(7) France lost Alsace and Lorraine to Germany in 1871 following her declaration of war on Prussia which started the Franco-Prussian War 1870-71. The largely German-speaking Alsace had been taken by Louis XIV in 1648 and Strasbourg was seized by Louis in 1681.
(8) See New View 71 and 73, n.3 above.
(9) See Prof. G.G. Preparata, The Incubation of Nazism
and his book Conjuring Hitler – How Britain and America Made the Third Reich (2005)
(10) The illegal coup in Kiev, 23 Feb.2014 which ousted the democratically elected President Yanukovych and the Islamist terrorist attacks on the central railway station in Volgograd (formerly Stalingrad and thus a powerful symbol of the defence of “Mother Russia”) on 29-30 Dec. 2013.
(12) The Chinese authorities have resettled ever more Han Chinese into the region, causing growing resentment among the Muslim Uyghurs; the ethnic balance is now about 40% Han Chinese and 45% Uyghurs.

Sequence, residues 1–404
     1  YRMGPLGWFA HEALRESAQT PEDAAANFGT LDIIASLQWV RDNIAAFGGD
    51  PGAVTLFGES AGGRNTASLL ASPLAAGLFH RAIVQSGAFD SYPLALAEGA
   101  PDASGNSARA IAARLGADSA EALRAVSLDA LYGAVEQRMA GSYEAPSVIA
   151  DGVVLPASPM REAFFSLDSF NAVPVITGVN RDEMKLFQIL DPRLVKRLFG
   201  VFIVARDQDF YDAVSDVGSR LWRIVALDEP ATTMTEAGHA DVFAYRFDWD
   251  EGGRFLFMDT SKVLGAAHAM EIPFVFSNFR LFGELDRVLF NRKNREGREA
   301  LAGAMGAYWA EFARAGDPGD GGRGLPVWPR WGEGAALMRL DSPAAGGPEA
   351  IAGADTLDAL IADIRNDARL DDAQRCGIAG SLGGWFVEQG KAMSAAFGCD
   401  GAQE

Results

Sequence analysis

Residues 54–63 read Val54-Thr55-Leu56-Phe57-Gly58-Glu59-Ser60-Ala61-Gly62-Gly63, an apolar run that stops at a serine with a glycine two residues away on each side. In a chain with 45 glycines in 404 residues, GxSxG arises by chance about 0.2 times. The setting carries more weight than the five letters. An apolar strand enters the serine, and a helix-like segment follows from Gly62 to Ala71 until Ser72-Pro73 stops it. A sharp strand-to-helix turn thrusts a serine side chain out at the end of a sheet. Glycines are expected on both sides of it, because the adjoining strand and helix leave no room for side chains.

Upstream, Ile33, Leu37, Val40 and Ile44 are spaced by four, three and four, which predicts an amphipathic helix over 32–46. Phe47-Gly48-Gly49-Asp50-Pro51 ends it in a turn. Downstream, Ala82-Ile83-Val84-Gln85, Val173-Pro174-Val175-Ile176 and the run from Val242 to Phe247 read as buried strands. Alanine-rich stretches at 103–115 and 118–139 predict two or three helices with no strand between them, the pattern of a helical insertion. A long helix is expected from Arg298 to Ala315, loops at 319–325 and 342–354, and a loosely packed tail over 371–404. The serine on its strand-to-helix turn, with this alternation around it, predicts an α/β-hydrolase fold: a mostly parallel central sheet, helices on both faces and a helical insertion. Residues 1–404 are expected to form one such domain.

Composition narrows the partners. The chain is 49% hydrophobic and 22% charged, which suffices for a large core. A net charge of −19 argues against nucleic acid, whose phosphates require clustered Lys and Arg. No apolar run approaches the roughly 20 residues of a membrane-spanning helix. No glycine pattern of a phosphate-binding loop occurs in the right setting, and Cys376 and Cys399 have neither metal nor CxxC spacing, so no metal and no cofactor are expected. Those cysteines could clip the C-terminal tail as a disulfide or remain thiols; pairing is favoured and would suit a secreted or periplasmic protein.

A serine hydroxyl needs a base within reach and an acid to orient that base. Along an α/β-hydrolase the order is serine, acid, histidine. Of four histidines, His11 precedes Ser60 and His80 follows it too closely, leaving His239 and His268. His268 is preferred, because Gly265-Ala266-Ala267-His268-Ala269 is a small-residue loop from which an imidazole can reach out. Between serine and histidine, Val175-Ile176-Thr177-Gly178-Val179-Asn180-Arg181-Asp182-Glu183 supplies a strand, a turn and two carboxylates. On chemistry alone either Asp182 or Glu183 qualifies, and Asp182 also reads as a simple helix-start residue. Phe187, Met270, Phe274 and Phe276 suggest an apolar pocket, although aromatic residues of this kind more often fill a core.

(13) See Preparata, Conjuring Hitler (2005)
(14) For a more detailed exposition, see Ilya Ehrenburg, The Genesis and Understanding of the Threefold Social Order in New View 73, Oct.-Dec. 2014, and Johannes Rohen, Functional Threefoldness in the Human Organism and Human Society (2011)
(15) Reported by Waldorf teacher Clara Michels in the 1930s, in Heinz Herbert Schöffler, Rudolf Steiner’s Millennium Prophecies, (1999)
(16) On 10 Sept. 2001, Donald Rumsfeld announced that the Pentagon was unable to account for US $2.3 trillion. This news disappeared in the uproar that followed the devastating attacks of the following day. The costs of the Afghan and Iraq wars to the USA alone is estimated at US $4 – 6 trillion: